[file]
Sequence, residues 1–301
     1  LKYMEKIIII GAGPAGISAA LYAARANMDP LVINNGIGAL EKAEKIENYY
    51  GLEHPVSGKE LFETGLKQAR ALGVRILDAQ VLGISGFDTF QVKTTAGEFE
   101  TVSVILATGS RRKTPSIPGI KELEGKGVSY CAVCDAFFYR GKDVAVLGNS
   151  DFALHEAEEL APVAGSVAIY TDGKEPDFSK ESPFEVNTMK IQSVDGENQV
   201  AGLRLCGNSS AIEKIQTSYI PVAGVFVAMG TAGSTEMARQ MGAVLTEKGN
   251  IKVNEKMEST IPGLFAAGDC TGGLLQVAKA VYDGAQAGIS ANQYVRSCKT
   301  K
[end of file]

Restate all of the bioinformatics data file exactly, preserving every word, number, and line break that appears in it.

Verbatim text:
Sequence, residues 1–301
     1  LKYMEKIIII GAGPAGISAA LYAARANMDP LVINNGIGAL EKAEKIENYY
    51  GLEHPVSGKE LFETGLKQAR ALGVRILDAQ VLGISGFDTF QVKTTAGEFE
   101  TVSVILATGS RRKTPSIPGI KELEGKGVSY CAVCDAFFYR GKDVAVLGNS
   151  DFALHEAEEL APVAGSVAIY TDGKEPDFSK ESPFEVNTMK IQSVDGENQV
   201  AGLRLCGNSS AIEKIQTSYI PVAGVFVAMG TAGSTEMARQ MGAVLTEKGN
   251  IKVNEKMEST IPGLFAAGDC TGGLLQVAKA VYDGAQAGIS ANQYVRSCKT
   301  K